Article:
Prioritise in combating corruption instead…


There has been much talk on matters related to extremism, vernacular schools, the Sedition Act and even proposals of bringing back the Internal Security Act (ISA) recently in order to combat racism and extremism. While I do not deny the significant of such issues, what is more important for us is to tackle the scourge of corruption in the country.

Most Malaysians are moderate-thinking citizens, quite often the root of the problems are politics; on the one hand, politicians wanting to provoke or stir sensitive issues, on the other hand when the authorities took action, it is perceived as ‘selective prosecution’ or some even say ‘persecution’.

After attending or organising forums and talks recently, I am very certain that it is the minority who favor extremism. I am inclined to agree that the public should not be afraid of the laws if they commit no wrong but then again it is a question of potential abuse of power for political purpose.

Corruption stifles the economy, perverts governments and breeds social injustice. The majority of the households in Malaysia recognise that one of the core problems encountered by our country is corruption. They perceive the politicians and enforcement officers to be highly corrupted. Most consider the government’s efforts in the fight against corruption to be ineffective.  

Generally, some consider only the small fishes are charged and convicted.  I urge the relevant authority or ministry to look into it seriously once and for all… and please do not say it is only a few bad apples or black sheeps, it is prevalent!

Ask the rakyats what is the first thing that comes in their mind when they encounter a police road-block? Similarly ask entrepreneurs whether corruption is considered as part and parcel of what they do when they tender projects or even running a car-wash business?

Certain politicians are urged to stop living in denial, after all endemic corruption, abuse of power and the ineffective or weakening of the country’s institutions are some factors that caused Malaysians especially the urbanites to lose faith.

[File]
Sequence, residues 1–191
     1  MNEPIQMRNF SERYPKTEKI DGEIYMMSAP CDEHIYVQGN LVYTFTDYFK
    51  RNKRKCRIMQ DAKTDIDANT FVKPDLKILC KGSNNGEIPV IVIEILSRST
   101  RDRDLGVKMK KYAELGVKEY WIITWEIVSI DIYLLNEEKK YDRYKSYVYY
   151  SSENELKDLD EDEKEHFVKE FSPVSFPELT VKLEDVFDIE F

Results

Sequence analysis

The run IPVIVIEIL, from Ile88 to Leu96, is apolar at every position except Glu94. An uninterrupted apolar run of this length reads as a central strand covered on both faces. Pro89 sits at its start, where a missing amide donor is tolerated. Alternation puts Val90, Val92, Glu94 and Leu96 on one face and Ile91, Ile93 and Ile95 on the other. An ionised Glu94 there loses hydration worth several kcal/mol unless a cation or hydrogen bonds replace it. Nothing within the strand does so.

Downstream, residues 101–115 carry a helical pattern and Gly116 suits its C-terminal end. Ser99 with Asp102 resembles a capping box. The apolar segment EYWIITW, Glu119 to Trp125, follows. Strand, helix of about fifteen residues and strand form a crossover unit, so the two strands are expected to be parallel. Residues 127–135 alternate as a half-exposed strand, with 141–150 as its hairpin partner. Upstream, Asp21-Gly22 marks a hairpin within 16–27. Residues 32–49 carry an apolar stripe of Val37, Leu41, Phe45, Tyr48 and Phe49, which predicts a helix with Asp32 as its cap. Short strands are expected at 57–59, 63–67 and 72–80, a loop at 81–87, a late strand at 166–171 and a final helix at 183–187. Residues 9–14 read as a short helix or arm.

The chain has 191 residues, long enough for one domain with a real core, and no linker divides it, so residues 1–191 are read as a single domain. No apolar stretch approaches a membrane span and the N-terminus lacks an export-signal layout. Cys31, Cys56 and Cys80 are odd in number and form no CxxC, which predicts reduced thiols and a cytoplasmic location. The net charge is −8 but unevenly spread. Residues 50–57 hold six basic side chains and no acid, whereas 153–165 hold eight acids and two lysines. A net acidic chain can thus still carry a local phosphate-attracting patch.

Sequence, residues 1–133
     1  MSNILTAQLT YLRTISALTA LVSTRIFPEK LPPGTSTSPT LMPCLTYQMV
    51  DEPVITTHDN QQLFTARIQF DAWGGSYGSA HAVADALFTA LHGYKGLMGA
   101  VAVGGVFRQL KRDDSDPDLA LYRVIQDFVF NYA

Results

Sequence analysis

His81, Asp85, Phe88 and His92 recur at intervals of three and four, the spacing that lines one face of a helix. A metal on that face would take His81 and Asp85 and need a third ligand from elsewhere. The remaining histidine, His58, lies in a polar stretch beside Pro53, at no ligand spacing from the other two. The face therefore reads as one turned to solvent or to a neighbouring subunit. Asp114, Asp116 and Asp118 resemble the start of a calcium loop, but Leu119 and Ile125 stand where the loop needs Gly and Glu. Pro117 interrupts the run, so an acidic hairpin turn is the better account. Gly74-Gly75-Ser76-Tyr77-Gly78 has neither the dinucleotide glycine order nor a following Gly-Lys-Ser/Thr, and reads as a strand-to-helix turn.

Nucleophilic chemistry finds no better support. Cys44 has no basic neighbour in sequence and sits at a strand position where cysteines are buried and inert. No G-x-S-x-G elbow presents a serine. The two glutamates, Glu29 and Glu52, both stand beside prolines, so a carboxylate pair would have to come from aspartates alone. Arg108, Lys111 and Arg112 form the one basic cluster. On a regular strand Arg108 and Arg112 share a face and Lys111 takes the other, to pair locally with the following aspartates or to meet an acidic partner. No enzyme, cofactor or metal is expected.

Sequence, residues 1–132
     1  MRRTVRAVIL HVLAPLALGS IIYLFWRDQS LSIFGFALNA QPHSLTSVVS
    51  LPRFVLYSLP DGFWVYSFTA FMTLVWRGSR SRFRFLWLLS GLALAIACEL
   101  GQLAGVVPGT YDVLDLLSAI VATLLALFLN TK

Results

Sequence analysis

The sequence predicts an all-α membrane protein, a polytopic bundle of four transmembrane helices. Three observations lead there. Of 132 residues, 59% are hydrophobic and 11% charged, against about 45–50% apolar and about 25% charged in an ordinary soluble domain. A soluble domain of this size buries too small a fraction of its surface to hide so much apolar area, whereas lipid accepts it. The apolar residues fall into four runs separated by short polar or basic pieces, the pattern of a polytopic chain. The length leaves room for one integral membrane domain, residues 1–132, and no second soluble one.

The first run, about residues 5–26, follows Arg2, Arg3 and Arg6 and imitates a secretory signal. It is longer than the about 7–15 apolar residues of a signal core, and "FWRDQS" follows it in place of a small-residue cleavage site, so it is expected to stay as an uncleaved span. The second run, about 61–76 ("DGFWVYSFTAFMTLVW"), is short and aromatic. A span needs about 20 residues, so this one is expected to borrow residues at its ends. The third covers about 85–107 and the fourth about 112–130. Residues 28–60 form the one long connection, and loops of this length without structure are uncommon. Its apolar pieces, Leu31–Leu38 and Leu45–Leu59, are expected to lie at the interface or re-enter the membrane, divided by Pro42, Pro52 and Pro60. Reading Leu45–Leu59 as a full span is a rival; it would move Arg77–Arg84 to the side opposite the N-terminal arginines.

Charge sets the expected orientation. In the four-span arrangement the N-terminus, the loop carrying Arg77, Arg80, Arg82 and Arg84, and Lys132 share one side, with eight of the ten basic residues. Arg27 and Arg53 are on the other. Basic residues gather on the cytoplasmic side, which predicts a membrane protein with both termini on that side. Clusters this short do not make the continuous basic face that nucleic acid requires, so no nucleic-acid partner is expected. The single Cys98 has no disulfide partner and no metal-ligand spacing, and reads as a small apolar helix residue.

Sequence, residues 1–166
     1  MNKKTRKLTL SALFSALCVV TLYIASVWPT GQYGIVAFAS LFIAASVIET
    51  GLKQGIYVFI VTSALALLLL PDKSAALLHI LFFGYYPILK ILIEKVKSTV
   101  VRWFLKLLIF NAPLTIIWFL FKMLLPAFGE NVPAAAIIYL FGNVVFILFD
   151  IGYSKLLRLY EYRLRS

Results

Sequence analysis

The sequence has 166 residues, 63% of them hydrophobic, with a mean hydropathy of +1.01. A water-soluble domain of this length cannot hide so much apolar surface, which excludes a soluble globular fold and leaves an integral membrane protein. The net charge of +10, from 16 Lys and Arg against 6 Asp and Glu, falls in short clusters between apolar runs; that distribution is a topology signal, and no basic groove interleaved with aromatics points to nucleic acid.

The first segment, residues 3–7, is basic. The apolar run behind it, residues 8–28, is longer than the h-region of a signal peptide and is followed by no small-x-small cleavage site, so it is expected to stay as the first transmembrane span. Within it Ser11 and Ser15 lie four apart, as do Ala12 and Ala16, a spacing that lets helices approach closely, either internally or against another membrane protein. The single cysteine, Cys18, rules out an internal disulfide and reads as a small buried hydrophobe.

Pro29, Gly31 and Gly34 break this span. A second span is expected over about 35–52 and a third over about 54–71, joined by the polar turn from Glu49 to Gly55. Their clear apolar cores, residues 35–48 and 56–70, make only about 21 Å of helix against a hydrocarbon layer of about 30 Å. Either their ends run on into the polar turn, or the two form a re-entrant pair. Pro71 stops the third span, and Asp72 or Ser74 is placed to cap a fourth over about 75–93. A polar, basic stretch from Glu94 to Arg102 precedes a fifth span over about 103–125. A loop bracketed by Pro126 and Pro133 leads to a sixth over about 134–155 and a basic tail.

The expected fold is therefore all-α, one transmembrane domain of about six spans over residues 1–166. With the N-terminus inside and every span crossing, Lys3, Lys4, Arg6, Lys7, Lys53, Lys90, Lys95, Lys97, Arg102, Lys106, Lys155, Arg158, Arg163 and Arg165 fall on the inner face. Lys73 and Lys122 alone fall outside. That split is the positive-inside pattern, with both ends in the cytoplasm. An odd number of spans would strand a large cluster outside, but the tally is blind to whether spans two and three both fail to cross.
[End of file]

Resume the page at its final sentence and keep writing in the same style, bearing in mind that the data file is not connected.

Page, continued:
Yes to Moderation, No to Extremism



KUALA LUMPUR: Media should play its role to raise greater public awareness on moderation among Malaysians but not highlight extreme statements from minority groups, including Ikatan Muslimin Malaysia (Isma) or Perkasa, said the Gerakan Youth deputy chief Andy Yong.

Speaking at a press conference, other than the leaders of Isma and Perkasa, Yong said even some ministers had given extreme statements and it had destroyed the peaceful coexistence among Malaysians in the country.

“Minority groups are the ones making extreme statements. I urge the media to stop highlighting their statements in order to protect the harmony among Malaysians.

“Hence, we should start promoting moderation in the country now,” he said after chairing a 30 minute meeting with 31 people, who have no political background, at the Parti Gerakan Rakyat Malaysian (PGRM) headquarters here today.

The meeting was organised by Yong to provide a platform for grassroots to have an opportunity to voice their views.

The 31 people included social activists, businessmen, entrepreneurs and students.

At the same time, Yong said he hoped that the reports would help on the draft of the National Harmony Bill, which is to replace the Sedition Act.

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